After a solid start to the week, stocks took a sharp turn on Thursday, triggering a steep descent that carried into Friday, leaving the major indices lower for the week. On Friday, U.S. equity markets had their steepest single-day decline since 2020 as investors processed comments made by Fed Chairman Jerome Powell pointing to more aggressive interest rate hikes at its May meeting and beyond. The Dow and the S&P 500 shed 2.8% Friday, while the Nasdaq fell 2.6%. The Dow lost 1.9% for the week, fell 2.8%, and the Nasdaq declined 3.8%.
The upcoming week will be a busy one on the earnings front with dozens of prominent companies scheduled to report, including all five components of the popularized FAAMG acronym – Meta Platforms, Apple, Amazon, Microsoft, and Google. With the earnings season now about 20% completed, 79% of the companies that had reported had beaten analysts expectations, according to FactSet.
We’ll also get updates on the U.S. housing market. The Case-Shiller National Home Price Index for February and March new home sales are due on Tuesday, with pending home sales following on Wednesday.
Our team has its eyes on three tickers this week, including a name from a defensive sector that seems to have plenty of runway ahead and a rate-sensitive stock that could pop off ahead of earnings on Tuesday.
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While bank stocks had factored in rate hike benefits to a certain extent, more rate hikes than projected also means potential for banks to generate higher revenue in 2022. Today we’ll discuss one of the most rate-sensitive names in banking. As one of the perennially most rate-sensitive banks out there, Comerica (CMA) is one to watch as the market adapts to a more hawkish Fed.
Until recently, Comerica’s management had only expected four 25 basis point rate hikes this year. According to its annual filing, a 1% move higher in the federal funds rate would lead to a whopping 12% increase in net income interest over the next twelve months. Considering the implications, the upside potential is undeniable.
Furthermore, Comerica has high cash levels right now, which will earn a lot more yield as rates go up. With roughly 90% of total loans in various commercial segments, many of its loans also have floating rates that will reprice higher with the federal funds rate.
With a forward 12-month P/E of 15, CMA is still attractively priced. Plus, the conservative 33% payout ratio means the 3% dividend yield isn’t going anywhere anytime soon.
Baird analyst David George upgraded Comerica (CMA) on Friday to Neutral from Underperform with a price target of $85. Following the significant underperformance of the shares and a “generally more constructive” pre-provision net revenue outlook for regional banks, the “aggressive short case for regionals is getting tougher to make given current valuations,” George told investors in a research note.
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Traditionally one of the most stable and recession-resistant sectors, everyone needs healthcare at some point regardless of income status. A name offering defensive growth from the desirable sector currently is UnitedHealth Group (UNH). As the largest health insurance company by market cap and market share, UNH’s size gives it built-in advantages over peers in the group.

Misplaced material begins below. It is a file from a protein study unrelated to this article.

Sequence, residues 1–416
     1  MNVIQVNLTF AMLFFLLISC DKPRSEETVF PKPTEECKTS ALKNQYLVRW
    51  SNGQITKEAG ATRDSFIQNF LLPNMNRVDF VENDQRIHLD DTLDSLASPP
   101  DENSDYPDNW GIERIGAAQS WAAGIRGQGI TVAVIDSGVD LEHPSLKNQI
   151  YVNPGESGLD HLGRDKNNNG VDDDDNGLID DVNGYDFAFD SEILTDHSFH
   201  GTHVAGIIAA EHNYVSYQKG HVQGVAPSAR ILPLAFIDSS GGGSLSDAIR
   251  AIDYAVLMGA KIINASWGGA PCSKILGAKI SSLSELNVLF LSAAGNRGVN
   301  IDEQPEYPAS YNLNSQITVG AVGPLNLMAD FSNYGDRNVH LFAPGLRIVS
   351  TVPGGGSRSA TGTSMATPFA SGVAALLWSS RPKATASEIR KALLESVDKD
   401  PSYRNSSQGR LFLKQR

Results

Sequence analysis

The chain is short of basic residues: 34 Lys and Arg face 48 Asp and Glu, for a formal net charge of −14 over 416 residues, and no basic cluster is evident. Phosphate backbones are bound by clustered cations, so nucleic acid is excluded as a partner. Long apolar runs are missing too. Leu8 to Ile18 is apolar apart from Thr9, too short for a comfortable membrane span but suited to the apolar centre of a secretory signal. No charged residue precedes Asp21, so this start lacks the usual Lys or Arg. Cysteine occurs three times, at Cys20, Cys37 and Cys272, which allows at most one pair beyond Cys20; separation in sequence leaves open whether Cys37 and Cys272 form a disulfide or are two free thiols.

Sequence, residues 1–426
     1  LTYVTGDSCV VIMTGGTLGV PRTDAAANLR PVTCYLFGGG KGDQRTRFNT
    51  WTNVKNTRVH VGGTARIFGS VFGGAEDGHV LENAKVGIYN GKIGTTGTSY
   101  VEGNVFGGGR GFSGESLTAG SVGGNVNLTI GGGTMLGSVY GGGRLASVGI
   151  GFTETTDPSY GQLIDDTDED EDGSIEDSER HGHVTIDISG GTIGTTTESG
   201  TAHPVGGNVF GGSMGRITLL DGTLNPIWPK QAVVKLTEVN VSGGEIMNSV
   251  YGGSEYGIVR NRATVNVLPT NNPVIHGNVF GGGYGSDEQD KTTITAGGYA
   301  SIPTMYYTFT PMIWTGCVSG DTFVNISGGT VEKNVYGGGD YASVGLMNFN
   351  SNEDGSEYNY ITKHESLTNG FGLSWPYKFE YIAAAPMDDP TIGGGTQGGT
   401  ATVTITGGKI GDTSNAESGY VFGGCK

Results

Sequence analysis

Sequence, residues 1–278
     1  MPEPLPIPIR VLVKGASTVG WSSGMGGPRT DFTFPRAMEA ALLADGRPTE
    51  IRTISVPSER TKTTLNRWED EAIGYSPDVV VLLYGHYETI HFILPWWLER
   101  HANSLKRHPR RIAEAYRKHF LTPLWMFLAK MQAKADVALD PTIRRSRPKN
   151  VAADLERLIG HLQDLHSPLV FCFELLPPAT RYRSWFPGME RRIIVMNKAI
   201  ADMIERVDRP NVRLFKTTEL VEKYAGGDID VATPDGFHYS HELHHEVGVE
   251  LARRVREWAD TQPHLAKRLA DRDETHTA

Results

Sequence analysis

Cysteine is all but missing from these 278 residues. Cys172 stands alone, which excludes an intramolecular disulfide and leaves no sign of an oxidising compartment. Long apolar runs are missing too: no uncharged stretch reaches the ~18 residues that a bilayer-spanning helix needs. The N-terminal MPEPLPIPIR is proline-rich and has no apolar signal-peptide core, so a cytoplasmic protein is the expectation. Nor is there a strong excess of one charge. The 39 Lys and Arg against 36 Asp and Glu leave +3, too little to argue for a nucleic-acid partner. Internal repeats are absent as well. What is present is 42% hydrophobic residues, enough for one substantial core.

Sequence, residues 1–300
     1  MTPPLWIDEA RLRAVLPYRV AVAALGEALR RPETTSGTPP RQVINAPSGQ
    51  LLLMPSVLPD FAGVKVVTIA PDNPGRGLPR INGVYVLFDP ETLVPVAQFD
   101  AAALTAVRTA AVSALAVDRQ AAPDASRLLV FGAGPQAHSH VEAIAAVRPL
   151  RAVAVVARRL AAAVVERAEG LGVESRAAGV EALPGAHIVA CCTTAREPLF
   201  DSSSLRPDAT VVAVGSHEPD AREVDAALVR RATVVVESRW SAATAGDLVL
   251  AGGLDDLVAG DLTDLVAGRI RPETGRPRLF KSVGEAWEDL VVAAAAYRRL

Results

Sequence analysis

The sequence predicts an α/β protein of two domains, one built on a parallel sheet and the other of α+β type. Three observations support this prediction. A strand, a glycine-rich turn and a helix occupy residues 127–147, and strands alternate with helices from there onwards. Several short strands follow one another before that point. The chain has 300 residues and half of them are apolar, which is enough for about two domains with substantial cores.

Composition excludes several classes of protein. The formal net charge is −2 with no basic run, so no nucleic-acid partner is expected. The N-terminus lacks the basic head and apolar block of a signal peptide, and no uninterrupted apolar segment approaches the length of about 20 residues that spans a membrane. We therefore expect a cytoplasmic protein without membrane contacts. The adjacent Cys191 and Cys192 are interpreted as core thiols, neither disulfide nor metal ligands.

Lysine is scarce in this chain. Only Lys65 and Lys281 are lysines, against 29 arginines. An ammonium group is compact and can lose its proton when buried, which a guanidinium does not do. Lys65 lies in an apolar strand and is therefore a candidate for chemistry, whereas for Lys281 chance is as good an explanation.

Despite the market slowdown this year, UNH’s share price is up more than 6%, outperforming its peers and the broader market. The Health Care Select Sector SPDR Fund (XLV) is down nearly 1% YTD, while the S&P 500 has shed more than 8%.
UnitedHealth reported double-digit revenue growth for 2021. Full-year revenue was listed at $287.6 billion, up 11.8% year over year. Full-year EPS increased from $16.03 in 2020 to $18.08. The company expects annual 2022 revenue of between $317 and $320 billion, the median of which implies an 11% upside year over year. UNH forecasts 2022 EPS of $20.20 to $20.50.
Momentum should be supported in the coming years thanks to UNH’s strong market position and attractive core business. Its expansion of international business provides substantial diversification benefits and shields against the impact of tightening U.S. regulations while allowing the Dow giant to tap into the $8.3 trillion spent annually on global healthcare.
UnitedHealth has a solid history of rewarding investors with a steady paycheck. The company went to a quarterly dividend in 2010 and, since then, has increased its dividend every year. That includes a 16% bump last year to $1.45 a share, which works out to a yield of 1.10% at its current price. UNH’s payout has increased 31% over the past five years, and the stock has a 5-year annualized dividend growth rate of 17.18%. The stock looks like a value at about 28 times earnings, compared to the healthcare industry, where the average P/E is around 37.
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Mostly everyone is familiar with 3M (MMM). Widely known for its adhesive tape, the industrial conglomerate has a portfolio of over 60,000 products that consumers use every day in hospitals, schools, offices, and homes worldwide.
3M share price has moved considerably over the past year, gyrating from a 52-week high of $208.95 to its 52-week low of $139.74. Thanks to a somber sales forecast and some legal liabilities relating to past manufacturing practices, the stock is trading at just 14 times forward earnings, which is an overreaction according to Morningstar’s Joshua Aguilar, who pegs MMM’s fair value at $192 per share, offering considerable upside from the current price. The pros on Wall Street say to Hold MMM and give it a median price target of $165, representing a — upside. The dividend aristocrat has a decades-long record of upping its payout, which is currently 4%.
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